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Cheney misuses expanded powers Selectively applied, declassification process can become political and sleazy

Vice President Cheney revealed Wednesday that due to President Bush's rewriting of an executive order, Cheney has presidential-level power to declassify sensitive information.

Most immediately, that may give his former chief of staff a solid defense in a CIA leak case, if Cheney declassified the agent's name for his aide to leak. I. "Scooter" Libby Jr., accused of perjury and obstruction for lying about leaking the name as part of a political vendetta, might only have followed orders. On the other hand, some say the leak violated congressional secrecy regulations, over which Cheney has no control.

But the broader meaning of Cheney's revelation is more troubling. President Bill Clinton signed the original limited executive order in 1995, but Bush amended and expanded it in 2003 to include the vice president. There are certainly reasonable times for such actions. But even the National Review said Cheney revealed "a little-known, but enormously consequential expansion of vice-presidential power."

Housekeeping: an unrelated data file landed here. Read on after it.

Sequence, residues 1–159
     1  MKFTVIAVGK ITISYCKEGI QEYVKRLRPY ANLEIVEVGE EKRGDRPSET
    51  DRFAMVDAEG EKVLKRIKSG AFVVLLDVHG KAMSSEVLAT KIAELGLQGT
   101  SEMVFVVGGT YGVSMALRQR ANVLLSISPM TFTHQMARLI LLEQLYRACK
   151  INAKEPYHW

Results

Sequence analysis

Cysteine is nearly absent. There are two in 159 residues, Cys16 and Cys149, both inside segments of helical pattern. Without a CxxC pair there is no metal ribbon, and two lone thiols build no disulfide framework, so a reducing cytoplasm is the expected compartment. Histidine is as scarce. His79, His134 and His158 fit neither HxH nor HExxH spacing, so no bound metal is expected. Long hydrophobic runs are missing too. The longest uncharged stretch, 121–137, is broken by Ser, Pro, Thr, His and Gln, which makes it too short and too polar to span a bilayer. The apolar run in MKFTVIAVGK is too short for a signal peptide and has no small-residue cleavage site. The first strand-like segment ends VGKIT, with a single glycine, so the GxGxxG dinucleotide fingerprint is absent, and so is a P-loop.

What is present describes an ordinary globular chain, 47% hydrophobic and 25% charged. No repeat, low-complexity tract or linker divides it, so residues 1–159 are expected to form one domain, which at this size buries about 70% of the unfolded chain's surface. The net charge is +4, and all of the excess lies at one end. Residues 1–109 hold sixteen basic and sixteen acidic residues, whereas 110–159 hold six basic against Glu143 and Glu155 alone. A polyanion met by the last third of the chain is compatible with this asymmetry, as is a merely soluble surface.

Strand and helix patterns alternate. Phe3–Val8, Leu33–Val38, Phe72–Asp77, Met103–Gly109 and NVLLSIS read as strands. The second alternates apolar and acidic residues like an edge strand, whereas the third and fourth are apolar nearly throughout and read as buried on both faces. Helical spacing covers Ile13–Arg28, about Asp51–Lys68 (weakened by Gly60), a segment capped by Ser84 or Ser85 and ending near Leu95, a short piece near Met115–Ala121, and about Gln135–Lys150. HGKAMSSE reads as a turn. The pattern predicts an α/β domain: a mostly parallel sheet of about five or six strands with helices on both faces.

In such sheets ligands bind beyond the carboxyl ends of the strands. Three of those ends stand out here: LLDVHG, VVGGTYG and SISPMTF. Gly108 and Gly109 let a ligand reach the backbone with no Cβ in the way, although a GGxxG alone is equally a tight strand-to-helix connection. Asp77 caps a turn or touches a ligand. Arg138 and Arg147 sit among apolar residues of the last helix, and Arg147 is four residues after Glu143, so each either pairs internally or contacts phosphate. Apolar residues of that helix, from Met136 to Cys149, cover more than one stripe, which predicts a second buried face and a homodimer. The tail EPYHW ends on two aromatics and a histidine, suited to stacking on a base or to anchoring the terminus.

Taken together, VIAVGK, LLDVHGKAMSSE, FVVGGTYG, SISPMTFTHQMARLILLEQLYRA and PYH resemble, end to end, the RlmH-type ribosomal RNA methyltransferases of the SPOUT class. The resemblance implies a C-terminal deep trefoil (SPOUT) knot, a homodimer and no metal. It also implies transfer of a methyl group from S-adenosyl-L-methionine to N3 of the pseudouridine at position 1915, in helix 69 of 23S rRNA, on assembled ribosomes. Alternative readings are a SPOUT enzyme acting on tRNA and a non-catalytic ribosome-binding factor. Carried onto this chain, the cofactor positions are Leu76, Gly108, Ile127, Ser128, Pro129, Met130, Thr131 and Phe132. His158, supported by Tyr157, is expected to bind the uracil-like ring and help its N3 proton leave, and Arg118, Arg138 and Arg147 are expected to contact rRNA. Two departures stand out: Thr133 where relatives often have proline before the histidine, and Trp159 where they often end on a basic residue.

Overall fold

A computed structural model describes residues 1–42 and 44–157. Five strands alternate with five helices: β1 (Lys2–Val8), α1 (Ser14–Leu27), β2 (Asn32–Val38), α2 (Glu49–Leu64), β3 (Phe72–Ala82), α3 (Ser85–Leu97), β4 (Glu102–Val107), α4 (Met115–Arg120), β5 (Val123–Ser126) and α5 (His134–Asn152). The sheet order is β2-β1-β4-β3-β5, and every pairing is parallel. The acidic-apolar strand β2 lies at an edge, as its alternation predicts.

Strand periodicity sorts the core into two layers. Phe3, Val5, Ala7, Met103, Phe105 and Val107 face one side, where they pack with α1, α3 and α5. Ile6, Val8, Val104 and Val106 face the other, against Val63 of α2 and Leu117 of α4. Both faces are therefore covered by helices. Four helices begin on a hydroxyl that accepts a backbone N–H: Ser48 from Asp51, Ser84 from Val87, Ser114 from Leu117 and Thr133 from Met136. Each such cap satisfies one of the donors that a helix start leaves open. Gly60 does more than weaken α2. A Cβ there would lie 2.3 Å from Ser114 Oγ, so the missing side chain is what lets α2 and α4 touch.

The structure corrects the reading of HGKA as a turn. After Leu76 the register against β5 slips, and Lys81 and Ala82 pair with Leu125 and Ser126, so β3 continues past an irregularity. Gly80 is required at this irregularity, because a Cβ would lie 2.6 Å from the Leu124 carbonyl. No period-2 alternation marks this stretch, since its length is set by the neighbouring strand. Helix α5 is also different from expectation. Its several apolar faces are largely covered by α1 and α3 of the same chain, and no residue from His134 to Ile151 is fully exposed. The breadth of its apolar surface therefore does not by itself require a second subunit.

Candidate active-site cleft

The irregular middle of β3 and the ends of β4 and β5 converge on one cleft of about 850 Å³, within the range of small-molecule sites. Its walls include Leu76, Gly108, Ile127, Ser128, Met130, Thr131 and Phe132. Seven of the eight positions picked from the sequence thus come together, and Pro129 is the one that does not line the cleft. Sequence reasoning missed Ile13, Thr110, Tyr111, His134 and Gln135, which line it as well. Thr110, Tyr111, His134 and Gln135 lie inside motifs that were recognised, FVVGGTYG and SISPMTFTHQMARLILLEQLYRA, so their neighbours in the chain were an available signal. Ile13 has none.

The conservatives' bible continued: "Throughout Executive Order 13292, there are changes to the original Clinton order which, in effect, give the vice president the power of the president in dealing with classified material."

That's a Bush administration theme, isn't it? If you don't like a rule, change it. Can't eavesdrop on American calls and e-mails without a warrant? Sure you can. Just get approval from an attorney who works for you. Can't hold prisoners indefinitely without charges? Sure you can. Just move them to Guantanamo, Romania or Torturestan. Can't invade another country without cause and congressional approval? Sure you can. Jigger intelligence and hype rhetoric so every American fears there's a WMD on the front stoop. The list goes on.

The problem with declassification by fiat is that it's too easily done opportunistically, selectively and politically. Is there any review panel? Any checks and balances? Are the congressional intelligence committees consulted or even notified? Have federal courts ruled on its legality? We think not.

Steven Aftergood of the Federation of American Scientists told the Wall Street Journal that if Libby had authority to discuss top-secret matters with the press, the vice president used his declassification authority "to advance the administration's political agenda."

"In other words, information that supports the administration's position on Iraq, or whatever, is selectively declassified and other information is not. That's not a criminal offense, but it's kind of sleazy." Any surprise there?

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